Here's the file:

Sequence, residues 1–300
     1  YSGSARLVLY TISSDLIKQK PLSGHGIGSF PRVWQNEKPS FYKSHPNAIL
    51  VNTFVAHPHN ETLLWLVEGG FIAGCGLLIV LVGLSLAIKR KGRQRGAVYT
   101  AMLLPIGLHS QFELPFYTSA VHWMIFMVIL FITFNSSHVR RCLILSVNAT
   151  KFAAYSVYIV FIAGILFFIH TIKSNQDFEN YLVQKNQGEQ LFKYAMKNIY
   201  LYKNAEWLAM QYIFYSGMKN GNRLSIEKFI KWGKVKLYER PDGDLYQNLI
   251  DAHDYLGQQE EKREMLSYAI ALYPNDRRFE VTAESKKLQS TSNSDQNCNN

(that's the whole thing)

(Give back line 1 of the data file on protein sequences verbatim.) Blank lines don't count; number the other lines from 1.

Sequence, residues 1–300